Landscape Ecology

, Volume 30, Issue 10, pp 1943–1957 | Cite as

Climate change and wildfire risk in an expanding wildland–urban interface: a case study from the Colorado Front Range Corridor

  • Zhihua LiuEmail author
  • Michael C. Wimberly
  • Aashis Lamsal
  • Terry L. Sohl
  • Todd J. Hawbaker
Research Article



Wildfire is a particular concern in the wildland–urban interface (WUI) of the western United States where human development occurs close to flammable natural vegetation.


(1) Assess the relative influences of WUI expansion versus climate-driven fire regime change on spatial and temporal patterns of burned WUI, and (2) determine whether WUI developed in the future will have higher or lower wildfire risk than existing WUI.


We projected the spatial pattern of the WUI and its associated wildfire risk from 2005 to 2050 at 90-m spatial resolution and 5-year intervals in Colorado Front Range using CHANGE, a landscape change model that simulates land cover and land use change, natural vegetation dynamics, and wildfire in a unified framework. A total of four scenarios from a factorial design with static versus changing WUI and static versus changing fire regimes were simulated to examine the effects of WUI expansion and climate-driven fire regime change on burned area in the WUI.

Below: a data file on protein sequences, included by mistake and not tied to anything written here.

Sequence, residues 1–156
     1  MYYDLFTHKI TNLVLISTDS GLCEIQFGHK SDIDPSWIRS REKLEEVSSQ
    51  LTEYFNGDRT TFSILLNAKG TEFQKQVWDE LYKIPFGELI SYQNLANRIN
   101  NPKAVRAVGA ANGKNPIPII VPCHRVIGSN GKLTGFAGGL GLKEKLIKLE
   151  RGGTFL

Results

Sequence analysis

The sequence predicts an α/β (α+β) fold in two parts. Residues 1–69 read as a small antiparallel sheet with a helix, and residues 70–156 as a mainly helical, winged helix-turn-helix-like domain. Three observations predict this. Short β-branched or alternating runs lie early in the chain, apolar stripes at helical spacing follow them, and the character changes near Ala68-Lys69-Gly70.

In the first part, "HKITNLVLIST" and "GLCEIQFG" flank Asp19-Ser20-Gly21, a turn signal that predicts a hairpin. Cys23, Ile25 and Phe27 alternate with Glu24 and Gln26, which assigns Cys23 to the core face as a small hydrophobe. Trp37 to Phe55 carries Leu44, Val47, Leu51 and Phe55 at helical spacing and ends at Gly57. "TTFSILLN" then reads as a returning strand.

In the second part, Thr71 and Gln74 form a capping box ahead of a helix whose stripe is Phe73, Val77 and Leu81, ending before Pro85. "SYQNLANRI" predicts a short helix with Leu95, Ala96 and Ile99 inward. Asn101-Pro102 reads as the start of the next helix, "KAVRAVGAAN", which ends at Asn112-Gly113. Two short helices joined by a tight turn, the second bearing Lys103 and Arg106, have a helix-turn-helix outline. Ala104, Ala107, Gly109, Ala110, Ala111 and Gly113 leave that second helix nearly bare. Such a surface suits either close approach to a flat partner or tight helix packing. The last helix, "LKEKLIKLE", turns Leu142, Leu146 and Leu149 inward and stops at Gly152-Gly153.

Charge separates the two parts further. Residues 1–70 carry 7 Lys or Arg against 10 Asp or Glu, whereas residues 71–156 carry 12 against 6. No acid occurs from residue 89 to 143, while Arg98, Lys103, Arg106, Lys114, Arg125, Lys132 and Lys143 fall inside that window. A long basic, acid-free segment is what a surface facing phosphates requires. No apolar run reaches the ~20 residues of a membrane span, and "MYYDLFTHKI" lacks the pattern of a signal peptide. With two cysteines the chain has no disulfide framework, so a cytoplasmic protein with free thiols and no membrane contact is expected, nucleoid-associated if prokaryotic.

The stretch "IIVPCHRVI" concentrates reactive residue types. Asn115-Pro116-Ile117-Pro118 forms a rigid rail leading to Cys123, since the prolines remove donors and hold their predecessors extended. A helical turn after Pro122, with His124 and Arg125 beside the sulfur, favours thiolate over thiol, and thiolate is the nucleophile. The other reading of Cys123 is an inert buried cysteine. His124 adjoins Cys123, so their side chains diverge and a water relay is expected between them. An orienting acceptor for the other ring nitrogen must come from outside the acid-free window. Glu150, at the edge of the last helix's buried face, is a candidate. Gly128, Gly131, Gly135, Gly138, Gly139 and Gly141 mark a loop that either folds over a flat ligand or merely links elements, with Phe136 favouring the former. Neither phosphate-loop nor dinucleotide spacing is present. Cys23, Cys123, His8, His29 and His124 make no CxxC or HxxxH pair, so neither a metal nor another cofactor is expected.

Both WUI expansion and fire regime change contributed to the increase of burned WUI, but fire regime change had a stronger influence. The effects of WUI expansion and fire regime change had a combined influence greater than the sum of their individual effects. This interaction was a result of projected WUI expansion into regions of higher wildfire risk than existing WUI.


The human footprint will continue to expand into wildland areas and must be considered along with climate effects when assessing the impacts of changing fire regimes in future landscapes.


Disturbance Coupled human and natural systems Western United States Land use Land cover Social–ecological systems 



We thank Tamara Wilson for providing helpful comments on an earlier version of this manuscript. Financial support for this work was provided through Research Work Order Number G12AC20295 from the USGS. Any use of trade, firm, or product names is for descriptive purposes only and does not imply endorsement by the U.S. Government.

Supplementary material

10980_2015_222_MOESM1_ESM.docx (4.9 mb)
Supplementary material 1 (DOCX 5057 kb)


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Copyright information

© Springer Science+Business Media Dordrecht 2015

Authors and Affiliations

  • Zhihua Liu
    • 1
    Email author
  • Michael C. Wimberly
    • 1
  • Aashis Lamsal
    • 1
  • Terry L. Sohl
    • 2
  • Todd J. Hawbaker
    • 3
  1. 1.Geospatial Sciences Center of ExcellenceSouth Dakota State UniversityBrookingsUSA
  2. 2.U.S. Geological SurveyEarth Resources Observation and Science (EROS) CenterSioux FallsUSA
  3. 3.U.S. Geological SurveyGeosciences and Environmental Change Science CenterDenverUSA

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